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Emerging Markets See Relief Rally After Sell-Off on US CPI Data

(Bloomberg) — Emerging-market assets rebounded Wednesday from a selloff in the previous day that was triggered by faster-than-expected US inflation.

Developing-nation stocks rose 0.2%, notching up a third day of advances, driven by the consumer discretionary and communication service sectors, after a drop due to a reset in Federal Reserve rate expectations. Currencies also had some breathing room, with the Chilean peso and Mexican peso leading gains.

“Emerging-markets have made a return for the most part, with Latin America leading the way, primarily carried by a resurgent Chilean peso,” said Juan Perez, director of trading at IJʿ. “Yesterday’s dollar rally after U.S. CPI looked like an overreaction.”

Latin America once again proved resilient, with most of the region’s currencies shrugging off yesterday’s spike in US Treasury yields. The Chilean peso gained as much as 1.6% Wednesday, the top performer in emerging markets. Mexico’s peso also defied expectations and stayed well above the 200-day moving average of 17.3 per dollar.

“The MXN just remains a buy on dips for everyone out there and the fact that MXN/JPY is close to breaking higher is likely keeping a strong carry related undertone to the currency,” according to Brad Bechtel, global head of foreign exchange at Jefferies. “Party on in Latam.”

The 10-year US Treasury yields trended lower Wednesday after climbing over 13 basis points in the previous day, providing some relief for EM currencies. Still, it’s too early to judge whether the yields have reached a short-term top, according to Piotr Matys, senior FX analyst at InTouch Capital Markets.

“Should this potential technical scenario for US Treasury yields unfold, the dollar would most likely appreciate further against the EM currencies,” Matys said. In the bond market, Argentina’s dollar debt was the top performer in emerging markets as the country came back from the Carnival holidays. Notes due in 2030 rose 1 cent on the dollar, the biggest jump since December, according to indicative pricing data compiled by Bloomberg.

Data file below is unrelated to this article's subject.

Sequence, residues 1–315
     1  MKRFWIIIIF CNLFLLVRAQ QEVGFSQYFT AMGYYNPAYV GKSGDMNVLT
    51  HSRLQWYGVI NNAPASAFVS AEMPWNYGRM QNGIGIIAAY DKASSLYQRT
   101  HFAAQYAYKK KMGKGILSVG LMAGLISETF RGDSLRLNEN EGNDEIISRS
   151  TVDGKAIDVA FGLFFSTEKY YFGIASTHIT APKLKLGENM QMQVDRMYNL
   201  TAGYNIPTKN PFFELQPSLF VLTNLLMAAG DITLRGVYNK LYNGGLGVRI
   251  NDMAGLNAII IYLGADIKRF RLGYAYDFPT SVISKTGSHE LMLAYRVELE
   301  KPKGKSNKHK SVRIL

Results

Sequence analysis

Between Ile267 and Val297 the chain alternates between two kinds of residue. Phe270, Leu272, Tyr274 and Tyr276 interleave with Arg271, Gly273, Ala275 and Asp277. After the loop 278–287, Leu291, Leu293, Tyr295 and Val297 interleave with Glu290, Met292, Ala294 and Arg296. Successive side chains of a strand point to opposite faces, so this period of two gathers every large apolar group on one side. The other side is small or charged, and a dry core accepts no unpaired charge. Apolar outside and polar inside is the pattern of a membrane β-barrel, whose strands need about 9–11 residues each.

In Africa, Ghana President Nana Akufo-Addo replaced his finance minister as the West African nation looks to secure an agreement with commercial creditors on restructuring its debt. The country’s dollar bonds were among the worst performers among peers Wednesday, with the 2051s slumping 0.6 cents on the dollar to the lowest in two weeks. The change shouldn’t affect the continuity of Ghana’s external debt restructuring, according to Ricardo Penfold, managing director at Seaport Global Holdings.

In Asia, Indonesia’s Defense Minister Prabowo Subianto declared victory in Wednesday’s presidential vote, citing independent pollsters, putting him on course to lead Southeast Asia’s largest economy after two failed attempts. The offshore rupiah rose as much as 0.5% to 15,593 per dollar.

Despite an adjustment in rate cut expectations amid an understanding that the Fed will likely keep rates higher for longer, the global growth narrative is still alive, said Perez. “The general vibes seem to be pointed at an improved global outlook, especially as China gets serious on stimulus and easing.

Despite some inflationary woes here and there, the U.S. is an expanding economy that is also feeding momentum for its neighbors and allies south of its borders,” he said. “For now, headlines will dictate if any swings will come for the rest of a week characterized by the absence of Chinese activity in observance of the lunar new year.”

Reporting by Zijia Song

Juan Perez Senior FX Trader and Strategist IJʿ

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